Researchers Investigate Aggressive Students' Mental Health
STEVE INSKEEP, host:
Today is the first day of school for some kids in the United States, and it is also the day that we're learning of a new effort to fight aggression and violence in schools.
Some mental health professionals are testing whether they can provide a way of dealing with aggressive kids that helps these youngsters and keeps schools safe.
Michelle Trudeau reports.
MICHELLE TRUDEAU reporting:
The Columbine school shootings was like a 9/11 for educators, says researcher Nancy Rappaport, a child psychiatrist at Harvard Medical School. Following that 1999 attack, schools went on high alert trying to identify and understand violence in students.
Rappaport believes it's the responsibility of mental health professionals to help schools in this effort. To find out how, a team from the Cambridge Health Alliance went into a dozen public schools in the greater Boston area to analyze their problems.
Ms. NANCY RAPPAPORT (Child Psychiatrist, Harvard University): This is a study of 33 students who were referred by an urban school district for aggressive and violent behavior.
TRUDEAU: The 33 students were mostly boys, average age 13, but ranging from five to 18 years old with a variety of aggressive behaviors.
Ms. RAPPAPORT: It could be taking a desk and shoving it across the room and having it fall on a teacher, or a kindergartener that rips off all the drawings in a classroom, kicks her peers, runs out of the classroom; or a sixth grader that may make a threat under their breath about a hit list, and a teacher may overhear it.
TRUDEAU: Not the level of aggression where law enforcement gets involved, and not assaultive enough to get expelled, but the kinds of aggressive kids where the schools had exhausted their repertoire of how to deal with them.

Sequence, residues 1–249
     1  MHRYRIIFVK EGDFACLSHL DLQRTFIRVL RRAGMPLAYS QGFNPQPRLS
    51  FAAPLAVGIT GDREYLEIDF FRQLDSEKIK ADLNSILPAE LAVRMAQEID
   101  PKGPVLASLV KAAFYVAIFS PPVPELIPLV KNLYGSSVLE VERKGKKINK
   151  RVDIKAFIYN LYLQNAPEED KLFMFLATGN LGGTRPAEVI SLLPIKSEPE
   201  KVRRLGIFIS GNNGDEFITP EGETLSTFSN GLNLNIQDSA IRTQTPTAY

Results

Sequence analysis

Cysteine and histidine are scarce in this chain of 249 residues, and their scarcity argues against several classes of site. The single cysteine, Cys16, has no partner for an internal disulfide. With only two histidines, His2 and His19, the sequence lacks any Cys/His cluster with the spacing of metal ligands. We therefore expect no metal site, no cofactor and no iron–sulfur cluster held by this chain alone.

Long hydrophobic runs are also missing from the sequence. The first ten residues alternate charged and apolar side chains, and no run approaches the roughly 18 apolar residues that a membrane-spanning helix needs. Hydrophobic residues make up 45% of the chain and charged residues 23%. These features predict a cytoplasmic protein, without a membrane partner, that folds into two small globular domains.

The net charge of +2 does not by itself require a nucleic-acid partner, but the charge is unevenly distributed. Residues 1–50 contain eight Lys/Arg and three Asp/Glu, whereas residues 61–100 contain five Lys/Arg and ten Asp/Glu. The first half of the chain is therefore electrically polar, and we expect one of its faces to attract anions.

Rappaport believes that a full psychiatric assessment and intervention might make the difference. So her team evaluated these students, making home visits, interviewing the students, their parents, teachers, analyzing reports of the violent incidents.
Then, with the psychiatric and medical workups of the kids and the family profiles, the researchers began to unearth what lay beneath the aggression in these youngsters.
Ms. RAPPAPORT: Many of these students were facing major challenges. The aggression was an expression of compelling pain, either of a parent dying or a sibling with a major medical or mental illness, or a trauma where they might have seen a father smash a bottle over a head of their mother, or a learning disorder where school could be a lesson in frustration every day.
TRUDEAU: Most faced multiple problems at home, Rappaport found. The majority lived without a father. Many had a medical condition, such as asthma. Many struggled with family troubles.
Ms. RAPPAPORT: Students may have had very difficult stressors at home, and when they come into school what you see is the ballistic kid. Trying to place that within context is really important.
TRUDEAU: Rappaport also found that nearly all of these very aggressive students had serious underlying psychiatric illnesses, such as depression, PTSD, bipolar disorder, ADD, yet few were receiving help. The researchers assisted the schools in coordinating mental health services for these youngsters. All this cost up to $2,000 per student.
Christopher Thomas, a child psychiatrist at the University of Texas Medical Branch at Galveston and an expert in youth violence, says it's worth spending that money.
Professor CHRISTOPHER THOMAS (University of Texas at Galveston): When you consider the potential savings in both assuring school attendance and reducing violent incidents and what they cost in a community, the benefits are quite obvious.
TRUDEAU: A report of Rappaport's work appears in the August issue of the Journal of Pediatrics. Her team is currently evaluating their mental health intervention to see if aggressive behaviors have diminished in these students. She says early results are promising.
For NPR News, I'm Michelle Trudeau.
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